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I don't know if I've ever posted this over here, so if it's a double post I apoligize in advance. Just poking around unfamiliar topics on the forum and reaching out into new territory. So here goes.

My great uncle came from a family of 11. He grew up on the family dairy farm where I now live, but decided when the local brickyard closed in 57 that it was better to be out west without a job than home without a job. So he moved to Seattle, Washington and worked for boeing about a year and a half. He then moved to quincy, Washington where he bought some ground. They had just finished the columbia basin irrigation project which is an irrigation project running water pumped from the grand coulee dam and into canals which run throughout the state to deliver water. It hardly ever rains where he lives, and with low humidity and almost blue skies everyday, perfect place for crops. So they ran the irrigation into the basin and lots of farms started popping up. He originally got into some beans and then grass hay. This was in 1959. He heard of a local farmer that went under and was moving out of town and he needed a tractor so he bought the old A. I'll let him tell the story from here on out.

http://youtu.be/CUivvFSzZpE

He then bought a john deere 60 to do all of his baling with since he couldn't run the A all day without having to refuel. After buying the 60, he could run all day on one tank of fuel. I asked him about this tractor when I was out to visit (I try to go out every summer) in 2006 and he told me it hadn't ran for 15 years. It was sitting out along the field, nothing over the exhaust, but still loose. He saw I was interested in it and told me "If you can get it running, you can have it." Wrong thing to say to me, because two and a half hours later I drove it up to his house. The problem then was that it was in washington state, and I live in Pennsylvania. So my best friend from high school hopped in my truck this past summer and made the trek cross country. Stopped once on the way out because he was too tired to keep going. We each drove a tank of fuel which ended up being about 6 hours while the other slept. We drove straight through on the way back. He was kind enough to pay for fuel on the way out since he wanted to see the country. I have made the trip numerous times so I knew where to stop and where to eat. Whole trip cost me about 1200 and almost 6k miles on my truck. The tractor is extremely wore out and the engine hammers everytime the piston fires. It has a bad miss but I've spent hours fine tuning it to run as good as it will and I'll be darned if it doesn't still start reliably at 10 below. It needs a complete overhaul, but I have other projects that need more attention than a tractor that runs. It will eventually get a top to bottom resto, and will be named in honor of my great aunt and uncle for their generosity. He's 84 and still kicking.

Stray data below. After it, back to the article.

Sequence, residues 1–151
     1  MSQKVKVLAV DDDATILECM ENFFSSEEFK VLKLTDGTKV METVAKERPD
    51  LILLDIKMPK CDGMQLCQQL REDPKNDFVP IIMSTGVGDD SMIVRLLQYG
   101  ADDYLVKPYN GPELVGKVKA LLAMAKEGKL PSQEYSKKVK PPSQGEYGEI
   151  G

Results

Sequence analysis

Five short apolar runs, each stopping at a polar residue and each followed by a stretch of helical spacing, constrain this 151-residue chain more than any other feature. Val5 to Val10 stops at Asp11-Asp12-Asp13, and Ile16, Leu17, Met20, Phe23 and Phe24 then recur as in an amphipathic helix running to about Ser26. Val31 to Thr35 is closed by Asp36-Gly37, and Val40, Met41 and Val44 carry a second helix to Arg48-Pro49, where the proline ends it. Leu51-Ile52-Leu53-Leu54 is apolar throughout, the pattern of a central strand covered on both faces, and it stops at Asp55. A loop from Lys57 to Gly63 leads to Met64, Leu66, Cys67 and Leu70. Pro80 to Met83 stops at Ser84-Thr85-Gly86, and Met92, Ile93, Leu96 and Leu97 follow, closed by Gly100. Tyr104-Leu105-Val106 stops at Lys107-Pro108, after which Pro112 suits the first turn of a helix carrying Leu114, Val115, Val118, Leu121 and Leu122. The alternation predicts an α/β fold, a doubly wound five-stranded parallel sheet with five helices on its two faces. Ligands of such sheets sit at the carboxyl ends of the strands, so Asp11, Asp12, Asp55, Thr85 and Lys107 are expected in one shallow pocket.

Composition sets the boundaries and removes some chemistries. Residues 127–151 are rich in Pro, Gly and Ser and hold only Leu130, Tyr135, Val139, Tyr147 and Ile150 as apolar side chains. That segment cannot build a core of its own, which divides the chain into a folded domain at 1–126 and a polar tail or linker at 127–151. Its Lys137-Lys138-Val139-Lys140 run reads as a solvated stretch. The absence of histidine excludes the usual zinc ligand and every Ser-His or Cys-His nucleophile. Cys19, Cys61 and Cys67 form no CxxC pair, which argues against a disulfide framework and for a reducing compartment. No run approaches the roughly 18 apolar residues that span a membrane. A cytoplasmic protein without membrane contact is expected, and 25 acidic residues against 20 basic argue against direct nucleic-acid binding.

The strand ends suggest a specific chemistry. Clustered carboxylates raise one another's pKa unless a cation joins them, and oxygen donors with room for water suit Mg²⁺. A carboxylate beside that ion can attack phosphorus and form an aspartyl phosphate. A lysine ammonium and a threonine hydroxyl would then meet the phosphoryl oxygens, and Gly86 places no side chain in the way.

Thanks guys/gals for reading my story.

-Brandon

Picture in Washington



Pictures taken here in PA


 

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Nice story Brandon .I love reading how people got their tractors. Pictures are great also..
 

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Brandon I just finished reading the story of your tractor and watching the video of your great uncle tell the story and all I can say is that is priceless and as time goes by it will be even more. Thanks for posting.
 
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